Treasured Tomes

Oxford Today - Hilary Issue 1996 - Volume 8 No 2

SIR THOMAS BODLEY'S OWN INTEREST IN HEBRAICA BEGAN THE LIBRARY'S ACQUISITION OF ITS WORLD-FAMOUS COLLECTION OF HEBREW BOOKS AND MANUSCRIPTS

In a development of major international importance for Hebrew studies, manuscript studies, and codicology, the Bodleian Library has published a new catalogue of its Hebrew manuscripts. The Bodleian possesses what is probably still the most important collection of such manuscripts in the world. Unusually, the interest in Hebrew books stems directly from the founder of the library, Sir Thomas Bodley.

At first sight, it may seem odd that such a substantial collection of Jewish books should have been started in 1600, when officially there were no Jews in England. But Sir Thomas Bodley, who refounded the University library in 1598, was a type of man now almost, though not entirely, extinct. A fervent Protestant, he was an accomplished linguist who knew the classical and modern languages, 'but Hebrew particularly, the parent of all the others'. It is astonishing how many Hebrew books are listed in the first catalogue of the library (1605); they are overwhelmingly from Venice, where Hebrew printing was in its prime. Bodley took a detailed personal interest in them, and at the end of the catalogue a page largely in Latin shows his own indignant corrections of some misprints in Hebrew.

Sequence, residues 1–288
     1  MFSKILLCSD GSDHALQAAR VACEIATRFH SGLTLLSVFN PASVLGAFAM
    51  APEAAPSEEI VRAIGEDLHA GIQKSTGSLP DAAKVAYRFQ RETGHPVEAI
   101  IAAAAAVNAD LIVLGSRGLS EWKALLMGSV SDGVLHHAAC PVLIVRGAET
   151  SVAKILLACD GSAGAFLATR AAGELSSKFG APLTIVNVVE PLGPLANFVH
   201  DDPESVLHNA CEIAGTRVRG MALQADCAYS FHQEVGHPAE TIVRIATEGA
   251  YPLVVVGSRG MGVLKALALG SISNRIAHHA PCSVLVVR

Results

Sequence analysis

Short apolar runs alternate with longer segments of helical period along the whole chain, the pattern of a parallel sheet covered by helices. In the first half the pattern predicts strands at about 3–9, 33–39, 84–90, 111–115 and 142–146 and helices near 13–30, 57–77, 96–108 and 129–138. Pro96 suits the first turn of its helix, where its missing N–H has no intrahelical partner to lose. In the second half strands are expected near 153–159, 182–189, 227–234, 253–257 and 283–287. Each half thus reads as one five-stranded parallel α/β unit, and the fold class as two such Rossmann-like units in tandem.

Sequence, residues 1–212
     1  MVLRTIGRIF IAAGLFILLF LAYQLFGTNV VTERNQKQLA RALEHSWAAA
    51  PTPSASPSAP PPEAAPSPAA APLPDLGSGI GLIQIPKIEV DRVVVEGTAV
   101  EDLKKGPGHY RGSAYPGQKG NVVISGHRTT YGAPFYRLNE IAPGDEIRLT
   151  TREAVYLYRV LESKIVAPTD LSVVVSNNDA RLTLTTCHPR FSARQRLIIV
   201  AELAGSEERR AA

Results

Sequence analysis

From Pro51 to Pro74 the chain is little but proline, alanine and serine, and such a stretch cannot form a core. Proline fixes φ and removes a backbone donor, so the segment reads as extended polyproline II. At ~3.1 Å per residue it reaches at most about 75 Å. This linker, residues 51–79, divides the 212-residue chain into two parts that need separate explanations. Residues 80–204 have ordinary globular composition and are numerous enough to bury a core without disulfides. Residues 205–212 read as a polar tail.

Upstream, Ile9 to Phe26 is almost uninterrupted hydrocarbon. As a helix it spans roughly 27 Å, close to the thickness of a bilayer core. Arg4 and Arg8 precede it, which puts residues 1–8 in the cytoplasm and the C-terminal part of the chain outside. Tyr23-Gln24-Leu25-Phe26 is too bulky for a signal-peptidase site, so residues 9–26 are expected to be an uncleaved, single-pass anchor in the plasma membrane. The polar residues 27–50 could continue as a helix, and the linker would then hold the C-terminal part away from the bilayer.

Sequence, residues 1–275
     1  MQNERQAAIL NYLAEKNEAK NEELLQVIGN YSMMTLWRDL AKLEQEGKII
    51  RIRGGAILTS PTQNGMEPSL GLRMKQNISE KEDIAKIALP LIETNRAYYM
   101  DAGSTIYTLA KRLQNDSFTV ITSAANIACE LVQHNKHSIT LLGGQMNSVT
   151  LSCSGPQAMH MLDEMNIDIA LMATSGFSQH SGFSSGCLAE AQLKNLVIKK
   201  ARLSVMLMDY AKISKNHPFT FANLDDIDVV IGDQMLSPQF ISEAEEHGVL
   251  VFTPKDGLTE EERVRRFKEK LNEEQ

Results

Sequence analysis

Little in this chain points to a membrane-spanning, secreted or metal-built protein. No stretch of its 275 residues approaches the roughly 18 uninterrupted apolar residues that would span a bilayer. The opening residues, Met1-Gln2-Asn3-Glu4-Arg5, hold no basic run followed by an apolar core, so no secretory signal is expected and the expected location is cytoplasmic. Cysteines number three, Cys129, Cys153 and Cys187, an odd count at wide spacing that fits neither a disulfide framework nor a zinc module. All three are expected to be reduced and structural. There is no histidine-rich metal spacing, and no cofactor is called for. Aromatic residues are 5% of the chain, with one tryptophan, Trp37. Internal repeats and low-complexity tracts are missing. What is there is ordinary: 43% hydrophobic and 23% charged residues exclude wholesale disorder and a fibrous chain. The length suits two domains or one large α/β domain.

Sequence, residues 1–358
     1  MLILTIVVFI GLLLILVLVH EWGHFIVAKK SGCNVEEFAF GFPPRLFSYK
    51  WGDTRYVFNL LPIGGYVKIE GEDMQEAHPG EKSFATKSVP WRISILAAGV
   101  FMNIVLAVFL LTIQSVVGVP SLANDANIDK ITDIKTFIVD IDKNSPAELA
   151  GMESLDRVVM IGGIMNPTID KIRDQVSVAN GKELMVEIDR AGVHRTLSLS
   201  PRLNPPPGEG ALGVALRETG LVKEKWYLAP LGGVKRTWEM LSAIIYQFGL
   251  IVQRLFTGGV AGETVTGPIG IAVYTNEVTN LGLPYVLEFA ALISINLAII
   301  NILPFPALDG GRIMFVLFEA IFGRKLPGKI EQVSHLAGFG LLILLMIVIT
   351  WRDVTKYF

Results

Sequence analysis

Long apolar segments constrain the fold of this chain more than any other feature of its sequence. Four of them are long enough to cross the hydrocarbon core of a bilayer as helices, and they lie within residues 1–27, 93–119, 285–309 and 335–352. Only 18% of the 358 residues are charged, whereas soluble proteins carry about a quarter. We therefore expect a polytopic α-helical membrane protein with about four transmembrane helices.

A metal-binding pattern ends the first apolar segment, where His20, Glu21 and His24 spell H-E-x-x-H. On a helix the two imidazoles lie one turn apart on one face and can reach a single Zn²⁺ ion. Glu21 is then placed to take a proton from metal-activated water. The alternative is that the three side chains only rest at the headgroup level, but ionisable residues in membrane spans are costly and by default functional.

In 1693 the library purchased the collections of Dr Robert Huntington and Professor Edward Pococke, the Regius Professor of Hebrew. Among the books bought from Dr Robert Huntington is Maimonides' Mishneh Torah with the author's signature, attesting that the text had been corrected against his original. This manuscript is supremely important both for historical reasons and for the accuracy of its text; it is treated with great reverence by scholarly readers. Huntington bought it while acting as chaplain to the English merchants in Aleppo.

A second Maimonides manuscript, this one in his own handwriting throughout, was among the 420 manuscripts bought from Professor Edward Pococke. It is the Commentary on the Mishnah, containing the tractates Nezikin and Kiddushin.

It is impossible to exaggerate the importance of these manuscripts for establishing the correct text, particularly since autograph works of any medieval Jewish scholar are exceedingly scarce. For both collections, 1,020 manuscripts in all, the University paid only £1,300.

One of the most sumptuous Hebrew illuminated manuscripts in existence, and a masterpiece of medieval Sephardic art, came to the library in bizarre circumstances in 1771. A young gentleman, Patrick Chalmers, entered the library carrying a Hebrew Bible written in 1476. Dr Benjamin Kennicott immediately recognized its importance and bought it for fifty guineas. The Bible had been copied by Moses Ibn Zabarah and lavishly illustrated by Joseph Ibn Hayyim on behalf of their patron, Isaac di Braga. It is an exquisite production, an exact facsimile of which was published in London in 1985. No one has any idea where the original lay between 1492. and 1771.